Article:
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Just Had a Phone Interview? Here’s How to Ace the Follow-up.


So, you made it past phase one: the phone interview. You’ve given the interviewer a taste of your professional experience (plus a bit of your personality!) and you’ve sussed out more of what the job at hand entails. Now it’s time to follow up.

While it’s important to show your appreciation for the recruiter’s time, don’t limit yourself to a purely transactional email. This is your opportunity to show you’re passionate about getting to the next step of the hiring process.

Here are a few tips to keep in mind when crafting a thank you email that will be sure to impress the interviewer.

Be timely

Send a follow up that afternoon or early evening, or at the latest, make sure it goes out first thing the next morning. If the call went great, you’re going to want to keep the good vibes going! If not, the longer you wait, the harder redemption becomes.

Announce yourself!

There’s no way of knowing how many candidates your interviewer might’ve been in touch with that day alone. Be sure to do what you can to bring your conversation top of mind. That means directly referencing which position you’re applying for and shedding light on a particular highlight of the conversation. (Perhaps the interviewer helped to clarify a part of the role that was unclear to you, that’s a great thank you point!).

It’s never too early to start contributing

Assuming you’ve received more insight into the job, bring an idea to the table! Rebekah Rombom, VP of Career Services & Business Development at Flatiron School, can’t stress enough that making a contribution during the interview process is what makes you stand out. “Showing that you have that kind of initiative and that you’re able to contribute really fast before you even have the job makes it a lot easier for the hiring manager to say yes.”

This contribution can come in many forms. Perhaps you’re taking on a social media role, think of a fun campaign that aligns with the voice of the business or research a YouTube influencer that might be wise to partner with. If you’re a developer and discussed a challenge the company is currently facing, “take a crack at solving a particular problem and send them your code.”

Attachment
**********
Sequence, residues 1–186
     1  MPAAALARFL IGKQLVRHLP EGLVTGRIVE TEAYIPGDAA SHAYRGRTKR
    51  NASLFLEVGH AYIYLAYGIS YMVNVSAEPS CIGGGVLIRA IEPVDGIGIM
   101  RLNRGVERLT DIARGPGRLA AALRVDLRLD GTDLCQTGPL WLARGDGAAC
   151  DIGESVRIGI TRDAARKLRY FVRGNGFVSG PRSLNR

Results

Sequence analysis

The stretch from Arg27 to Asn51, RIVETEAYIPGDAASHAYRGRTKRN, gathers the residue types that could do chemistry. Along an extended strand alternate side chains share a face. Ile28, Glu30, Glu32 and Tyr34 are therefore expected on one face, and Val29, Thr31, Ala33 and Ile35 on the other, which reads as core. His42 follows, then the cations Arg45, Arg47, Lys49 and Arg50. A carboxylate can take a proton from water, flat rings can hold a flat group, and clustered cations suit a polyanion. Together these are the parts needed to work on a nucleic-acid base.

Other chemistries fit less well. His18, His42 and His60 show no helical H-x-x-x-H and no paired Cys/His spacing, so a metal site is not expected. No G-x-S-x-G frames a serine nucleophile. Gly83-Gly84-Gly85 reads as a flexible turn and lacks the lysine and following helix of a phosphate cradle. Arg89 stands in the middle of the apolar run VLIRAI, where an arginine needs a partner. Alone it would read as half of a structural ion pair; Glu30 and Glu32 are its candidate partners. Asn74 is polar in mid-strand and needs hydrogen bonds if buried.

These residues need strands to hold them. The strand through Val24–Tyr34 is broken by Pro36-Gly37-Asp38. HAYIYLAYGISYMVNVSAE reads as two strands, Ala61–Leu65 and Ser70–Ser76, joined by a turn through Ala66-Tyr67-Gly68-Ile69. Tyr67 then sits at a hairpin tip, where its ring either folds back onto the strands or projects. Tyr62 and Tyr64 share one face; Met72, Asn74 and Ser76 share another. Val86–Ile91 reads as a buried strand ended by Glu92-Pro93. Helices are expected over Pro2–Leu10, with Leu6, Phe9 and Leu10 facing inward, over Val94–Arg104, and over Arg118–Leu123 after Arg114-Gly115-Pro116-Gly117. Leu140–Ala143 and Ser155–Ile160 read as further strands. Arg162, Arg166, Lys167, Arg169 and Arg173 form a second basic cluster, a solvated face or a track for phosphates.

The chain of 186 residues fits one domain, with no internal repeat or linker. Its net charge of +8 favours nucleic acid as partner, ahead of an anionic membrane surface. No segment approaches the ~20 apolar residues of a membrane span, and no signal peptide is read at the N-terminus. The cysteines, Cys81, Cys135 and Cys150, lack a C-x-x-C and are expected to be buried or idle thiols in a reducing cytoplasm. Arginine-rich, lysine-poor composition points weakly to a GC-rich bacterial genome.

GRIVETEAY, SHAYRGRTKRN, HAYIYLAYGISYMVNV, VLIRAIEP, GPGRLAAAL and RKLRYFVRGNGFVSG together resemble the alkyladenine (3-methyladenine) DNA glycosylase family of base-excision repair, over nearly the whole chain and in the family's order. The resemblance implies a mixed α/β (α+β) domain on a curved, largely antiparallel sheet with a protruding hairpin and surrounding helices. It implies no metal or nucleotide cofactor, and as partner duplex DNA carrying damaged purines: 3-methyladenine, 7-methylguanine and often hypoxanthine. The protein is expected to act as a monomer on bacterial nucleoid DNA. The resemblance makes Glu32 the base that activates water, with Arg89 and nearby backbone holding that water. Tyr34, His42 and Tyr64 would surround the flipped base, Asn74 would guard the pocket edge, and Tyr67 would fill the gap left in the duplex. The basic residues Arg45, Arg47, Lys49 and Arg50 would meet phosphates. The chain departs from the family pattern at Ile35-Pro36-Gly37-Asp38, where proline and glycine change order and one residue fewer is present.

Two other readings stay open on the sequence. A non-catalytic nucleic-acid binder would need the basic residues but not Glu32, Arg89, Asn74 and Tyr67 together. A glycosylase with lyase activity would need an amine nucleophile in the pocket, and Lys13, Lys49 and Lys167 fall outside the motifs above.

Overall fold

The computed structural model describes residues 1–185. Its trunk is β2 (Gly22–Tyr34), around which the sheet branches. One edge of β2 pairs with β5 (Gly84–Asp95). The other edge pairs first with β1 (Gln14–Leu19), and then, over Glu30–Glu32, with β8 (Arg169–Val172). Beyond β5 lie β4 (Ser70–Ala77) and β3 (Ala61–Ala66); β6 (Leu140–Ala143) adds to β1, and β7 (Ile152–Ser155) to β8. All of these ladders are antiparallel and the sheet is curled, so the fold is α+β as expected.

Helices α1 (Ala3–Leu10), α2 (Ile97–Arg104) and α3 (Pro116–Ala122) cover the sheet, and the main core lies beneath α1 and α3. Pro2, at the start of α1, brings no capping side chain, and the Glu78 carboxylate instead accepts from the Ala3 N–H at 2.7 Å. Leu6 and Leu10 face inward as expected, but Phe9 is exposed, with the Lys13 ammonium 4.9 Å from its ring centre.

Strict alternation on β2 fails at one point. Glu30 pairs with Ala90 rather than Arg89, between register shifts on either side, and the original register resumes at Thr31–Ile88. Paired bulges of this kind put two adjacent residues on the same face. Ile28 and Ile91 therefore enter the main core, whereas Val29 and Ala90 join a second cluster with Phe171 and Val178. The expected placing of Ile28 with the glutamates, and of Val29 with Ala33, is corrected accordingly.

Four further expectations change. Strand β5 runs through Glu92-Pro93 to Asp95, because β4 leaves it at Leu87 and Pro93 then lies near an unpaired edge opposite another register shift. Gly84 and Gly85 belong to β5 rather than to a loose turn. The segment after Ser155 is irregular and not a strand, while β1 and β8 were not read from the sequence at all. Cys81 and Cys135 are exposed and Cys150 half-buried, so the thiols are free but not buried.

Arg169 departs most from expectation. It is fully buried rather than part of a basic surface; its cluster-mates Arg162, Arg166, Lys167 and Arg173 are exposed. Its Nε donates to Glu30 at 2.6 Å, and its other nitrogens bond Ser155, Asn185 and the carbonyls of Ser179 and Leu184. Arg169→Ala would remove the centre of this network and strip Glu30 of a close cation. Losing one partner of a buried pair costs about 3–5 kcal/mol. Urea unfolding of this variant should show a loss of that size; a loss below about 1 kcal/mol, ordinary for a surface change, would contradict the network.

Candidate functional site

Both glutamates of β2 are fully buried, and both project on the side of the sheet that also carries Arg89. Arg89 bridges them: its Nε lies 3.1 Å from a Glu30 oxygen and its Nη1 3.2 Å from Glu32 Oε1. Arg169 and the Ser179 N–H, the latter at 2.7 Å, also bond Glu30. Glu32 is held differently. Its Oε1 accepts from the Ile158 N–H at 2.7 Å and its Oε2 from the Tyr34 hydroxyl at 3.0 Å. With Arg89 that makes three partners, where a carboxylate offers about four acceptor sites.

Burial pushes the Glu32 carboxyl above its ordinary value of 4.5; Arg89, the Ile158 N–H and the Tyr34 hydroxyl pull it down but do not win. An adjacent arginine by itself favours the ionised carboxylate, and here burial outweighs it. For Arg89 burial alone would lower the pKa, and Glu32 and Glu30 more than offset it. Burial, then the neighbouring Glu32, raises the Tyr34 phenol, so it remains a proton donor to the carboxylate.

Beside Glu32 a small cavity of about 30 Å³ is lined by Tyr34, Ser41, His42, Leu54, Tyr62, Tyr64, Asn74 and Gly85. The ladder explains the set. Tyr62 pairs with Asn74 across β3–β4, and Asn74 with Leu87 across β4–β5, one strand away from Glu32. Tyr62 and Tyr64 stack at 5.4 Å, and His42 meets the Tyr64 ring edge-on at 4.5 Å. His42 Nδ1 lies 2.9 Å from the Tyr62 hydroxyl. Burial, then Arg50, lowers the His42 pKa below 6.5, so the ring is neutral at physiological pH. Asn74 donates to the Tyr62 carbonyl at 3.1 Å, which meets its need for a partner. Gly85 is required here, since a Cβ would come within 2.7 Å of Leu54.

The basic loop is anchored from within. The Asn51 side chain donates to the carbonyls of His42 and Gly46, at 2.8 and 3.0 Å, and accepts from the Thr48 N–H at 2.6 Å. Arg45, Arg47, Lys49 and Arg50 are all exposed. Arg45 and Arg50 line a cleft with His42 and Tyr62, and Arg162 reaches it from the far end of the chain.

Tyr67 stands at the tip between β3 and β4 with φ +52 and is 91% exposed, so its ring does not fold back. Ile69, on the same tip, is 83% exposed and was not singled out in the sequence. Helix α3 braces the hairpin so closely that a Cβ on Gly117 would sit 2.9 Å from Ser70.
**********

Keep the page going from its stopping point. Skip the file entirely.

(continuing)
Tell ‘em what you want (what you really, really want)

The interview is a two-way street. The recruiter wants to know that after learning more about the position, you actually do want it! Back up that desire with what interests you most about the company, the prior experience that you can directly apply to the role, and what you hope to learn. While internally it may seem obvious that you want the job, explicitly stating that this opportunity is something you want to pursue will ensure the interviewer that you are a time-worthy candidate.

Think next steps

Approach this tip on a case-by-case basis. If you feel completely in the dark about the next steps of the company’s hiring process, a straightforward question about their timeline is completely appropriate (it also shows you’re both serious and proactive about making this happen!). If you do have a sense of what happens next, re-emphasizing your availability and interest in an in-person meeting serves as a great closing for your email.

Seal it all up with a bow

Tarek Pertew, Cofounder at Uncubed, recommends that applicants “contribute something meaningful, or in other words, don’t forget to tip!”. Show you’re up to speed on the latest and greatist. Do some research on the field/market that you’re pursuing and find a killer (and recent!) article or blog post that you think the interviewer might find interesting. Including a simple P.S. at the bottom of your email that states “I thought you might enjoy this read on __” will show the interviewer that you stay on top of what’s trending in the field.

Keep in mind, even if you feel you totally bombed the phone interview – this is a chance to redeem yourself and, at the least, make a great new professional contact for your rolodex (aka LinkedIn).

For more insights on how to own the job search process, check out our series of career videos.

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